It would be in the 1st and 5th century AD that two scholars – Flavius Josephus and St. Jerome, were credited with associating the 12 gems with the signs of the zodiac. Supposedly, the idea was the gems could be worn by everyone, but were worn per a corresponding month – rather like wearing a certain pair of socks on a certain day of the week. So the story goes, the stones would be worn on belts and bracelets and other extravagant ornaments during the 8th and 9th centuries: a specific stone would have heightened powers during its attributed month.

But – depending on who you read – it would be in the 16th or 18th century before the tradition of wearing a stone according to your designated birth month began. It is the later date in which it is thought gem traders marketed the selling of each gemstone based on the month you were born. And it was a marketing marvel! By 1912, the practice was taken on by the National Association of Jewelers, therefore solidifying a modern trend we still continue today (I still remember receiving a ruby ring for my birthday, July, from Argos!).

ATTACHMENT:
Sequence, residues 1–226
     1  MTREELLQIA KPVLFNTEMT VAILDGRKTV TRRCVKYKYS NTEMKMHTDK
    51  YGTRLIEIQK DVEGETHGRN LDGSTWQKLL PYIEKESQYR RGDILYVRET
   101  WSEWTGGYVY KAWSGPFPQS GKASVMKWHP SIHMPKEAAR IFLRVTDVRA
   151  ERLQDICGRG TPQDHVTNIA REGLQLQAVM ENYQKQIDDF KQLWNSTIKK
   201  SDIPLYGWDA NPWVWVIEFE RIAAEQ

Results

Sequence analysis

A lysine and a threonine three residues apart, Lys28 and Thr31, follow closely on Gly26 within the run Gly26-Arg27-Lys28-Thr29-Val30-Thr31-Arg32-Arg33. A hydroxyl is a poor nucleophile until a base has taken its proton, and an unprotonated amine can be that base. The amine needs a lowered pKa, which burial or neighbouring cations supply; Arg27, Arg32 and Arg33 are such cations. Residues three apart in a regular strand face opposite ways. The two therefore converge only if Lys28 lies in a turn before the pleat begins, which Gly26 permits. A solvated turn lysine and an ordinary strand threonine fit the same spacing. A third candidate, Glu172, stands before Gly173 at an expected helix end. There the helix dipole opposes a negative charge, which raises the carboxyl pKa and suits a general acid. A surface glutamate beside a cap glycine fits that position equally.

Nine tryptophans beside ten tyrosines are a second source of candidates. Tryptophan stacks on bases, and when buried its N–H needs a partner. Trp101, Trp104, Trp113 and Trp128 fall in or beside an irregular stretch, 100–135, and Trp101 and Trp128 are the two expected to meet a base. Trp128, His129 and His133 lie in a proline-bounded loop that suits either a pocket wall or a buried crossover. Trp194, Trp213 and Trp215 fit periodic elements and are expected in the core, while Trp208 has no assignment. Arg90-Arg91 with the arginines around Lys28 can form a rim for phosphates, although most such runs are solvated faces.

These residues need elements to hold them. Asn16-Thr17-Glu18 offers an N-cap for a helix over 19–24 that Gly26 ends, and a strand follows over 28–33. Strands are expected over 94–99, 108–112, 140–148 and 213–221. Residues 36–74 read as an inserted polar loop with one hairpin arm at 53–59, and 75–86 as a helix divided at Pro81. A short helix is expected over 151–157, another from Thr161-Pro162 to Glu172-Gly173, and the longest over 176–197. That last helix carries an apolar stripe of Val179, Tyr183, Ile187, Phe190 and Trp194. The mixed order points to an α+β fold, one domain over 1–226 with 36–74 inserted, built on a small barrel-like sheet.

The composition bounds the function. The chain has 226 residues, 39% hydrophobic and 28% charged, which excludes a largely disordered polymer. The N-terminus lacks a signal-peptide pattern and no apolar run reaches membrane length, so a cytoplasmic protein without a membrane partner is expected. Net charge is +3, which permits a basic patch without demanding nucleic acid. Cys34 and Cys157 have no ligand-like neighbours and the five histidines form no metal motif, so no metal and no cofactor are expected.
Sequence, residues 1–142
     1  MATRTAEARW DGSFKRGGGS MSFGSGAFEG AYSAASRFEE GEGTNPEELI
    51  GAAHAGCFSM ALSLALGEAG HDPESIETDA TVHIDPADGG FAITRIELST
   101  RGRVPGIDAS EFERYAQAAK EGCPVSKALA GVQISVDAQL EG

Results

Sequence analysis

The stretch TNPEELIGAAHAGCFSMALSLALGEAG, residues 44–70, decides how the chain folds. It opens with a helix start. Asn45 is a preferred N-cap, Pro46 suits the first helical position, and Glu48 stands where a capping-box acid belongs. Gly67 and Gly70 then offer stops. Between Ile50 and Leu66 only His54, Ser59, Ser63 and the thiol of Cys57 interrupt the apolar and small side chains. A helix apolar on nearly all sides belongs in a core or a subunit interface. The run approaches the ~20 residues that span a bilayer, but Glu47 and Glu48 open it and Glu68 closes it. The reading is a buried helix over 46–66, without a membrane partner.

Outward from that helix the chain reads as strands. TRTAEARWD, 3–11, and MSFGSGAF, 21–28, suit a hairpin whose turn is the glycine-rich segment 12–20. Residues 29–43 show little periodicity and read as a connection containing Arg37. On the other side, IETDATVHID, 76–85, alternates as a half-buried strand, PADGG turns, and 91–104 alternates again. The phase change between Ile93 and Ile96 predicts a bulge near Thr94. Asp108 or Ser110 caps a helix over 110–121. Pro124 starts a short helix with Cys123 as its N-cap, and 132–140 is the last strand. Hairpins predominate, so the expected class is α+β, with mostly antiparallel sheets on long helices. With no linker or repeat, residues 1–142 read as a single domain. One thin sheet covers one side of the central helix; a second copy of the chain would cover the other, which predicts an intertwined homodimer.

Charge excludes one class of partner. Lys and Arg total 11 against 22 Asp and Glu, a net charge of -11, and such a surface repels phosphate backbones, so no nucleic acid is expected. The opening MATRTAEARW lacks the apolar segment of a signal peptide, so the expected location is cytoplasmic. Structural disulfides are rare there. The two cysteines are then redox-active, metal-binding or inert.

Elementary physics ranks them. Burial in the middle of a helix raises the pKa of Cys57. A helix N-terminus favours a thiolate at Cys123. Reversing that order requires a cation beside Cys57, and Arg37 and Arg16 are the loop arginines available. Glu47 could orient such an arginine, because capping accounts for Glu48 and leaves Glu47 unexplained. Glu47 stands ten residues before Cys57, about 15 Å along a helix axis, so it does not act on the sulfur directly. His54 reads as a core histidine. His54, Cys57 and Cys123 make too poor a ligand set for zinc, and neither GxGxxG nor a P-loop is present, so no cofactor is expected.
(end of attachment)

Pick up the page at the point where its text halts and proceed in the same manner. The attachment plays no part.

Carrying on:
There are also findings among Hindu traditions where stones represent your birth month. Hindu text from the 5th century, the Ratna Pariksha, talks of the relationship between gemstones and days of the week. Nine gemstones are associated with celestial forces, which is called navaratna in Sanskrit. Pieces are believed to grant the wearer harmony and stand for a symbol of wealth and status. Individual stones are recommended by Vedic, or Hindu, astrologers based on astrological birth charts.

The list of birthstones – more of which to come – was modified in 1952 (from 1912) by the Jewelry Industry Council of America. Notably, one of the primary functions seems to have been to ensure quality of stone to sell for each month, once again a clever marketing ploy! We enjoy wearing them nonetheless.

Most birthstones are technically classified as minerals – though a pearl is not classified as a mineral as it is inorganic – because it grows inside a mollusk and, similarly, an opal can also be inorganic.

Find out which birthstone you are below and what it means –